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Morning Bell: At least 14 arrests made over school arrests

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Good Friday morning. 

In an analysis of law enforcement records and news reports, The Oklahoman has found at least 14 arrests made across the state since Feb. 14, the day of the school shooting in Parkland, Florida.

Nearly all of the arrests have been of students who posted a threat on social media, such as Facebook or Instagram. Most of the threats appear to be hoaxes, based on law enforcement and school district statements.

The state's school threat tip line has also seen an increase in reports.

Sixteen of the 18 tips submitted in 2018 have come since Feb. 14, according to Jennifer Newell, program manager of the Oklahoma School Security Institute, which manages the tip line.

You can read more in today's story about an increase in threats and talk over school security. 

Former football players charged in Bixby rape investigation 

A special prosecutor filed charges Thursday against four former football players in the Bixby High School rape investigation, reports Andrea Eger of the Tulsa World

Charged as youthful offenders in Tulsa County District Court are Colton Cable, 17; Samuel Isaiah Lakin, 17; William Henry Thomas, 17; and Joe Wood, 16. They each face one count of second-degree rape by instrumentation.

Longtime Superintendent Kyle Wood was forced out of Bixby Public Schools in a resignation agreement with the local school board on Dec. 19, nearly three months after a student says he was raped with a pool cue for the second time at a high school football team event at the superintendent’s house.

Putnam City wins governor's arts award 

Putnam City Schools was honored this week at the 42nd Governor's Arts Awards. From The Oklahoman's Brandy McDonnell: The Putnam City school district is growing its fine arts programs at a time when shrinking budgets are prompting many public schools to cut the arts. Brandy Sitts, the district's curriculum coordinator for fine arts and gifted programs, said studies have found ties between participation in arts programs and higher academic achievement as well as lower dropout rates.

“Putnam City really believes that the arts are an integral part of a child's education and their mental and emotional development. We have fine arts programs at every single one of our sites,” she said.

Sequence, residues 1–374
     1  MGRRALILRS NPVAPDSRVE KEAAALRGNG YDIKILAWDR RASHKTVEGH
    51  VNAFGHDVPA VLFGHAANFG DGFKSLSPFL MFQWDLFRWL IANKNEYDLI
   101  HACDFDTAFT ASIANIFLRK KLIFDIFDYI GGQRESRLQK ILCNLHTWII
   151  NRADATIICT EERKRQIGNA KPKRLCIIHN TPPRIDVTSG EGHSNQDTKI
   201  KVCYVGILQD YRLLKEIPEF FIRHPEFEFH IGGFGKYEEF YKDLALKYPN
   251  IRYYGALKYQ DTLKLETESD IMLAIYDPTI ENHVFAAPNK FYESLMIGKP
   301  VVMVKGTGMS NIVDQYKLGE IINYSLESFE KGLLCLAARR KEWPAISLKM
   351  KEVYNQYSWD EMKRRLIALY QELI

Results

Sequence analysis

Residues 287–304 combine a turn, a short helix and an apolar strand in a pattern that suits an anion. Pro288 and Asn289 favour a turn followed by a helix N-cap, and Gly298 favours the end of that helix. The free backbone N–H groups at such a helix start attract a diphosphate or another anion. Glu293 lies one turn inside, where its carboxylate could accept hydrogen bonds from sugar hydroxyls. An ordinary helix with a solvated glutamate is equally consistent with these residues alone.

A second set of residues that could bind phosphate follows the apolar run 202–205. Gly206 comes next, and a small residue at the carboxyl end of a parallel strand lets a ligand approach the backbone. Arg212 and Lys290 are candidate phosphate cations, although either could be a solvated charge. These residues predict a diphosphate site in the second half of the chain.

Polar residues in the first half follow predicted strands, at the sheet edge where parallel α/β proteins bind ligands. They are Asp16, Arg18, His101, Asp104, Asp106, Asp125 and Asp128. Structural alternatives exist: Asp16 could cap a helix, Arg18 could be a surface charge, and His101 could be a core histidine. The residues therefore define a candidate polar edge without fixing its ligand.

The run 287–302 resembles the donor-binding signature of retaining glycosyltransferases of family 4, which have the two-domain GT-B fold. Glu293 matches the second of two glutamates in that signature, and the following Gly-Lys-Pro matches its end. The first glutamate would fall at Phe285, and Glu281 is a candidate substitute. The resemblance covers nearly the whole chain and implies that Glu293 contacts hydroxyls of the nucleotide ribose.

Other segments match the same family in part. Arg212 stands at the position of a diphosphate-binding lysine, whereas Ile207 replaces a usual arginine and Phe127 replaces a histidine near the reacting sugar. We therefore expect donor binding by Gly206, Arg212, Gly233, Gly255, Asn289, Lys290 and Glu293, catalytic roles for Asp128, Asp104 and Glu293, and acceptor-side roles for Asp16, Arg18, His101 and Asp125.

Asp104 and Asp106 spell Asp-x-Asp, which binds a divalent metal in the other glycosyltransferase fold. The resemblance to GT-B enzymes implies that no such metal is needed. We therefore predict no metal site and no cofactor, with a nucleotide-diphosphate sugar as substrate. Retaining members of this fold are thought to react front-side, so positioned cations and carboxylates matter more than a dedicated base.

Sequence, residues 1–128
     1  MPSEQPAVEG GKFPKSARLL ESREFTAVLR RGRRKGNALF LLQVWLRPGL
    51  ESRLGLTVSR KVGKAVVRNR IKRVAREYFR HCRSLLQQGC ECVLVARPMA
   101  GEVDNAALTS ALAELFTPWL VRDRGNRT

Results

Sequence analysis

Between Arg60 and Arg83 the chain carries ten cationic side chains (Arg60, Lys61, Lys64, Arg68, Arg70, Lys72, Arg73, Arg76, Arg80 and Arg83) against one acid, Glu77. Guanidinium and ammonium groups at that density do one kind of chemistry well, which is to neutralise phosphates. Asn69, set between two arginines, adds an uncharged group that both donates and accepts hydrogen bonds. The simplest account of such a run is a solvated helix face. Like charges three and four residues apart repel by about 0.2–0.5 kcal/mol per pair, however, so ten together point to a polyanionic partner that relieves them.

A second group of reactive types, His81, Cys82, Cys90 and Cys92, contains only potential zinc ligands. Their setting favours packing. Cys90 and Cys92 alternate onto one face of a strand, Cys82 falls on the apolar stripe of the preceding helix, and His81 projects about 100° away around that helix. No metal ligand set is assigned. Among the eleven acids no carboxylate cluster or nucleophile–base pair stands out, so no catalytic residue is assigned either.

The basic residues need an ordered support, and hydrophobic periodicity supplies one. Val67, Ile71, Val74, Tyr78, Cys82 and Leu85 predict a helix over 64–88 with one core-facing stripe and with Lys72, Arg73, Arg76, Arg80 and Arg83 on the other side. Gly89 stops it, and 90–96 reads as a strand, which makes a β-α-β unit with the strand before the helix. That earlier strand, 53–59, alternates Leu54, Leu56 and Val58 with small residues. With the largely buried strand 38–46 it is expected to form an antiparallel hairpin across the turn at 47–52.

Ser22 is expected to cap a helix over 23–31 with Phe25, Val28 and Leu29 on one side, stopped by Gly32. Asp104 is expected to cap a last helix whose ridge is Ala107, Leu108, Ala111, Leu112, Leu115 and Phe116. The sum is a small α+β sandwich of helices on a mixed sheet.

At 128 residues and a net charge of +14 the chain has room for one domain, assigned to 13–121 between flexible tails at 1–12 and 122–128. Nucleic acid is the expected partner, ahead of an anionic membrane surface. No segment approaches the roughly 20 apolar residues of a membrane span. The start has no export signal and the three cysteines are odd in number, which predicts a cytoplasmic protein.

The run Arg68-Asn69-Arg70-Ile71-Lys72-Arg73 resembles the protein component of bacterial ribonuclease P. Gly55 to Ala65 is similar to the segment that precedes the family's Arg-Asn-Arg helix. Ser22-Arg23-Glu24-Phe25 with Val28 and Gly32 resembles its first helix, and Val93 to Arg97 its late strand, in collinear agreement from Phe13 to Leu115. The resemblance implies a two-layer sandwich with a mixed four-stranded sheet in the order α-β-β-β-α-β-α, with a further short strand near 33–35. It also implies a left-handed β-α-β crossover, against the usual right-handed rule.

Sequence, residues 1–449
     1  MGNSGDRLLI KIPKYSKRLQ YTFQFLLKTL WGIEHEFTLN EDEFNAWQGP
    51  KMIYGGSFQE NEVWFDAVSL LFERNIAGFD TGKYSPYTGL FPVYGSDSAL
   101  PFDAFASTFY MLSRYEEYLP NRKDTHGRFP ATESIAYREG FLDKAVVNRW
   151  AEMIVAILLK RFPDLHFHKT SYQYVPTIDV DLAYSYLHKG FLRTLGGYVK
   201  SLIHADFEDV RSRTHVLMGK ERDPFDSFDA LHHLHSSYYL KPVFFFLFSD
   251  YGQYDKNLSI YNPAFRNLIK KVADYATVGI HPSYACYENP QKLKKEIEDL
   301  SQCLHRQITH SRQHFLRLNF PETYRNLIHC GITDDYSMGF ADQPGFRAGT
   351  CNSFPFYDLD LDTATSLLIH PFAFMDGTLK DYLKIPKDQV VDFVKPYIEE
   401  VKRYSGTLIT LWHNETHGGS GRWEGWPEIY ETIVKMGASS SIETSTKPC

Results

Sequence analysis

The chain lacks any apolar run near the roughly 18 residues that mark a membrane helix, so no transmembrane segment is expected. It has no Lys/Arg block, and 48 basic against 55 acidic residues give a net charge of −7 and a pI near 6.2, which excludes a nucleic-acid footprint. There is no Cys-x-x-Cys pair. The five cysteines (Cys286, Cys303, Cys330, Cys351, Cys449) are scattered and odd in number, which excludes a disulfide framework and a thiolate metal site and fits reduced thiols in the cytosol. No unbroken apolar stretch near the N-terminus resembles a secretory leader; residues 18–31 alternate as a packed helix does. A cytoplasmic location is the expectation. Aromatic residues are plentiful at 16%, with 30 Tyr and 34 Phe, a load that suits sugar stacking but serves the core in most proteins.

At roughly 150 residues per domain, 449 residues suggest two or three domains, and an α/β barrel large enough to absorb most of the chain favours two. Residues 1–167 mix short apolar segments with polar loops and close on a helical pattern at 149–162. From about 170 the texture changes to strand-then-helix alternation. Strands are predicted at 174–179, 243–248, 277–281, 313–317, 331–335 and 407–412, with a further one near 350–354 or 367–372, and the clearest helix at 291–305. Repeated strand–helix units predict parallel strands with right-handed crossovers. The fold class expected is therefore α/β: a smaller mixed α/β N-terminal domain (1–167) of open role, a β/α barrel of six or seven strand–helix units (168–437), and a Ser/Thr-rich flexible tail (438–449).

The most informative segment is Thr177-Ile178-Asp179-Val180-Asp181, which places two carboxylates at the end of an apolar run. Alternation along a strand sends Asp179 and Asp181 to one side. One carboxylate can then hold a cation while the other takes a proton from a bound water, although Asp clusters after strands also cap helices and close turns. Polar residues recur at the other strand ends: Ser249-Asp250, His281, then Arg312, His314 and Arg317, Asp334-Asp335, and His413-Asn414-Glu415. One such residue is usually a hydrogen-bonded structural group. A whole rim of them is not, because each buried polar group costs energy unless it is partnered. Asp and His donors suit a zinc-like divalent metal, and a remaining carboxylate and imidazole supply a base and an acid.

Tulsa schools suspending fewer students

Tulsa Public Schools is suspending fewer kids but for more days, trying to balance punishment with restorative practices because of widely held beliefs that suspensions don’t do anything to change behavior and kids don’t learn if they aren’t in school. According to Samuel Hardiman of the Tulsa World, suspension rates — the percent of unique students suspended — have fallen at 67 TPS school sites this school year.

“We saw a greater reduction than we were anticipating, which was a positive thing,” said TPS Superintendent Deborah Gist, referring to the drop in suspension rates. “At the same time we have to make sure that we aren’t over-correcting, and so that’s what we’re watching really closely.”

Chronic absences lead to lower test scores

More than one out of 10 Oklahoma students are “chronically absent,” missing more than a tenth of the school year, leading to lower test scores and higher dropout rates, according to the annual ImpactTulsa report released Tuesday, reports the Tulsa World

Among high school students, more than 16 percent are chronically absent, with nearly 12 percent of middle-school students and more than 9 percent of grade-school students also missing a significant number of days.

“It is an early warning indicator,” the report concludes, “for both low achievement and dropping out of high school.”

Bartlesville discusses suspending classes

Bartlesville teachers, parents and other members of the community met Wednesday evening to discuss the logistics of a possible suspension of classes in April, according to NewsOn6. The school board said they're considering this because they want to stand up to state lawmakers and show them they have a voice.

Enid considering how to handle walkout

Enid Public Schools administrators are asking for input from students and weighing options for how the district would handle student walkouts protesting gun violence and memorializing recent mass shooting victims, reports the Enid News & Eagle

State fair scholarship limited to 10

Oklahoma high school seniors can apply for the 2018 Oklahoma State Fair Scholarship through March 30. Applicants must attend a college, university, vocational or technical school in Oklahoma.

The competition is open to students in all 77 counties who are graduating this year from an accredited high school or home school. Ten winners will receive a one-time award of $2,500. Click here for more information.

That does it for today's Morning Bell. Have a great weekend! See you Monday. 

Ben Felder

Ben Felder is an investigative reporter for The Oklahoman. A native of Kansas City, Ben has lived in Oklahoma City since 2010 and covered politics, education and local government for the Oklahoma Gazette before joining The Oklahoman in 2016.... Read more ›

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